On Tuesday, half of their block was cordoned off by police tape, and half a dozen police vehicles were parked near the $4.5 million house. Garbage bags blocked the burned-out second-story windows.
In the absence of solid information from law enforcement, speculation has run rampant about who might have killed them and why. No one broke into the house, police have said, suggesting the family may have known the killer or killers.
Gutierrez said in an interview Wednesday that the Savopouloses were not hyper-vigilant about security and sometimes left house or garage doors open. The family had jewelry and an art collection inside the home, she said.
Gutierrez said she believes someone was in the house with the family before 3 p.m. May 13, when Figueroa normally would have left for the day.
There was a stark contrast, Gutierrez said, between Savvas Savopoulos’ mood when he left the martial arts studio and the flustered-sounding voicemail he left for her at 9:30 that night. While he had said earlier that his wife was going out that night, he said in the voicemail that she was sick in bed. He said Figueroa was staying overnight. He also said Figueroa’s cellphone was dead and the family didn’t have a charger for it.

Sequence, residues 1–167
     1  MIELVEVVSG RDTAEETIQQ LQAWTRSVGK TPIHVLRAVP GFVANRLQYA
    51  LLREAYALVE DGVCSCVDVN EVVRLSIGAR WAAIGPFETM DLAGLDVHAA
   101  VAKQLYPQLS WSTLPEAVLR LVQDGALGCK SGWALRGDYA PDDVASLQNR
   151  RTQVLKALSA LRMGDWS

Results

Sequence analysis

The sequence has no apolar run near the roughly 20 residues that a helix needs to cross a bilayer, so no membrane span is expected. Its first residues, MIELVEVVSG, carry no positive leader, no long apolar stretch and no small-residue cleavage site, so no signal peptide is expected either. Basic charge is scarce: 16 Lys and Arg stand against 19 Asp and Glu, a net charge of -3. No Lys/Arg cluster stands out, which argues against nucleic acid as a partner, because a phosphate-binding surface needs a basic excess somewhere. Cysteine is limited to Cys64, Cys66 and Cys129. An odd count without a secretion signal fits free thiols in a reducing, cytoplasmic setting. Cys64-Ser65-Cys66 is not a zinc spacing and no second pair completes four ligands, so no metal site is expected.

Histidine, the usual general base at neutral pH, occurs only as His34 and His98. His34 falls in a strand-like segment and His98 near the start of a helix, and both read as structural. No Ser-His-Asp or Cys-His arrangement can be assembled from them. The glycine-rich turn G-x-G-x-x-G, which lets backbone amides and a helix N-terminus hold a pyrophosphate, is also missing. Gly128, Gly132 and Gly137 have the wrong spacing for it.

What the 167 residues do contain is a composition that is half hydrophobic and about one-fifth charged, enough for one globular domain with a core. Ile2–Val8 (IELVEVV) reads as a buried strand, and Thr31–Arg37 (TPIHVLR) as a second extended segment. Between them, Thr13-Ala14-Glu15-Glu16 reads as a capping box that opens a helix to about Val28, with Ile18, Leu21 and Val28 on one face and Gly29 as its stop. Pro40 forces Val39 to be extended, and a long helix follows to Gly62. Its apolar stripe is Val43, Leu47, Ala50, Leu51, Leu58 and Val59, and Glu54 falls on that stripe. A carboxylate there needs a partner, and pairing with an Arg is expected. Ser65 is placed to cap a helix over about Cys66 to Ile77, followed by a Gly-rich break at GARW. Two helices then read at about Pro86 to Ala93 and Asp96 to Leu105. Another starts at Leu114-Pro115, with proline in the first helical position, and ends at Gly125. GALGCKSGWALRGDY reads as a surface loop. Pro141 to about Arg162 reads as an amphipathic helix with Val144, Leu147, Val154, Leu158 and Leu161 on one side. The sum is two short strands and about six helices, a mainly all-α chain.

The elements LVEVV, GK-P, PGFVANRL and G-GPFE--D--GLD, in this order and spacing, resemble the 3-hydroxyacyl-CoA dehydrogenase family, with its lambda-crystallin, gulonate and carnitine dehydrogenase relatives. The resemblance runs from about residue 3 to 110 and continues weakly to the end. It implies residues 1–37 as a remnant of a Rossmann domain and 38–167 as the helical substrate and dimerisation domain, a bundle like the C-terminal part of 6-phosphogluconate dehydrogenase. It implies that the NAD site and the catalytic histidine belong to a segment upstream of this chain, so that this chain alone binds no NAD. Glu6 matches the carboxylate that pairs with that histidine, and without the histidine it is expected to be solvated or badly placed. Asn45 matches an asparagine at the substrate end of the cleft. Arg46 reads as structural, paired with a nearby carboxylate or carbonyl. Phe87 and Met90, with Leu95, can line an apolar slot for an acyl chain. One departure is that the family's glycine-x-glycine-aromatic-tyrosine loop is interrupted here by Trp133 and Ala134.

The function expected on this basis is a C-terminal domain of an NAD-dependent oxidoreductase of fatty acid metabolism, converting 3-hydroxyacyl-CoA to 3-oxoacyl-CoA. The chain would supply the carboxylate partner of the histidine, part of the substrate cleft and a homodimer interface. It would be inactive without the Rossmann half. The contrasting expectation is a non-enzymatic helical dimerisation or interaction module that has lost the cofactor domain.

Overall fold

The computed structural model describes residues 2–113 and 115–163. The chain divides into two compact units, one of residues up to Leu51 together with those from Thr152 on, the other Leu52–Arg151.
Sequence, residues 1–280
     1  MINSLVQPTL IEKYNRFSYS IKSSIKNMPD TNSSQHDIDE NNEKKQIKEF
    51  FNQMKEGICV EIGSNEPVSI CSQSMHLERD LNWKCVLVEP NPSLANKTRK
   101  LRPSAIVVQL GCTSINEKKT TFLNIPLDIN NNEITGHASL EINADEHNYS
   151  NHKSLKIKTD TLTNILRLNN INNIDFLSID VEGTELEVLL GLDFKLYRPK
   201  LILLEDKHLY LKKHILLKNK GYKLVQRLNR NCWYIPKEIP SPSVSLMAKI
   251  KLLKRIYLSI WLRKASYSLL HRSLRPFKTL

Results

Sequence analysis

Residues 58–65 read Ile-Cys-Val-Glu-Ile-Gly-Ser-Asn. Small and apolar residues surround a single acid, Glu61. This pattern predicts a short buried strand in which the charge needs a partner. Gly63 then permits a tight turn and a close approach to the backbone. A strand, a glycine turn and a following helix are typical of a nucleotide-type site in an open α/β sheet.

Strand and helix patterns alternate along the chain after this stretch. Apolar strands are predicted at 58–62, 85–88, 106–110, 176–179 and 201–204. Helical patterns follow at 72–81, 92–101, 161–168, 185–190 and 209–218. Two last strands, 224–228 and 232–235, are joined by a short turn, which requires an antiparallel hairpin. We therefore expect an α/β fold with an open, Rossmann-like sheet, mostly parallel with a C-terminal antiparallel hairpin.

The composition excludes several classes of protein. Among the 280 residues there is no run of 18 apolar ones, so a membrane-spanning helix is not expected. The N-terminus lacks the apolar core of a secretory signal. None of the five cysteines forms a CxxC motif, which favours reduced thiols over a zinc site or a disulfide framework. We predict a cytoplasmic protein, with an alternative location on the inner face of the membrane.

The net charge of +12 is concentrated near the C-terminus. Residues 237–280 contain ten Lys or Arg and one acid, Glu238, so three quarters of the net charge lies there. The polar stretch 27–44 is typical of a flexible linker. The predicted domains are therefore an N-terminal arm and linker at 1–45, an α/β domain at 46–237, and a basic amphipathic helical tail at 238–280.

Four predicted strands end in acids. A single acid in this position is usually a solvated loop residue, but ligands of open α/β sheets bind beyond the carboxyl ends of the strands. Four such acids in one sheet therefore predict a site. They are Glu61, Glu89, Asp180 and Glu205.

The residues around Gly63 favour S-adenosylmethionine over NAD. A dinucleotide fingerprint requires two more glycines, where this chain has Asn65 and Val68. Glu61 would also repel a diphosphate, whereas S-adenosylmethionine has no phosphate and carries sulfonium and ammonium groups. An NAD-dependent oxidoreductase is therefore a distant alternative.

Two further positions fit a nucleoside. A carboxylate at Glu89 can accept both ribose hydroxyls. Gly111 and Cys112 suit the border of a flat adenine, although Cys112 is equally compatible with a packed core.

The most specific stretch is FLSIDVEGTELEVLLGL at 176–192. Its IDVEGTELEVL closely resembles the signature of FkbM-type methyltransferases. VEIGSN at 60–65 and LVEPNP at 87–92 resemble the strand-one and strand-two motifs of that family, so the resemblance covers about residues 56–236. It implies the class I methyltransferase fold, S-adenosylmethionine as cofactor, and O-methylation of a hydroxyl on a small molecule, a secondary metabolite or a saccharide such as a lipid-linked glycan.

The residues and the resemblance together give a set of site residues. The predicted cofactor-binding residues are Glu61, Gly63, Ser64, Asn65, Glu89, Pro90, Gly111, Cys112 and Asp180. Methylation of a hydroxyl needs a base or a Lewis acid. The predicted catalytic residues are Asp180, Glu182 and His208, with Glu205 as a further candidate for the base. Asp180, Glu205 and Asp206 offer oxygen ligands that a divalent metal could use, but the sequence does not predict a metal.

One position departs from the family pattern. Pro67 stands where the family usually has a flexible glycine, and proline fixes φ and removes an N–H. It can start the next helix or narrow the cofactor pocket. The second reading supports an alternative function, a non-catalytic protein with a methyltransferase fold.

“It doesn’t make any sense. How come you don’t have another phone — iPhones are all over,” Gutierrez said. “He was kind of building stories.”
On the day of the fire, Gutierrez received a text message from Amy that read, in part, “I am making sure you do not come today.”
Gutierrez called Amy immediately, but it went to voicemail. She texted Amy but didn’t get a response.
Also that morning, Figueroa’s husband, Bernardo Alfaro, went to the house and knocked on the door, but no one answered. While he was there, Alfaro told WJLA-TV that Savvas Savopoulos called his cellphone and told him that Amy had gone to the hospital and Figueroa had accompanied her.
“My feeling was that somebody was inside,” Alfaro said. He continued trying to call his wife and got no answer.
The Savopouloses’ blue Porsche was parked on the street outside the home at the time, Alfaro said. After the slayings, police found it in a parking lot in New Carrollton, Maryland, about 13 miles from the house. The car was found about 2 miles from the listed address for Wint.
The Savopouloses’ relatives have made few public statements and have not returned phone calls.
The couple has two surviving teenage daughters who attend boarding schools in other states. Gutierrez said she has seen the daughters since the killings and that they were too distraught to speak.
Savvas Savopoulos was the CEO of American Iron Works, a construction-materials supplier based in Hyattsville, Maryland, that has been involved in major projects in downtown Washington. Company representatives have declined to comment. Savopoulos moonlighted as a martial-arts instructor.
Gutierrez, who worked for the family for 20 years, said she feels guilty that she didn’t check on the Savopouloses.
“This is a nightmare for me. I can’t believe they are gone,” she said. “I loved this family very deeply and the little boy and my friend Vera.”
Associated Press writer Colleen Long in New York and photographer Alex Brandon in Washington contributed to this report.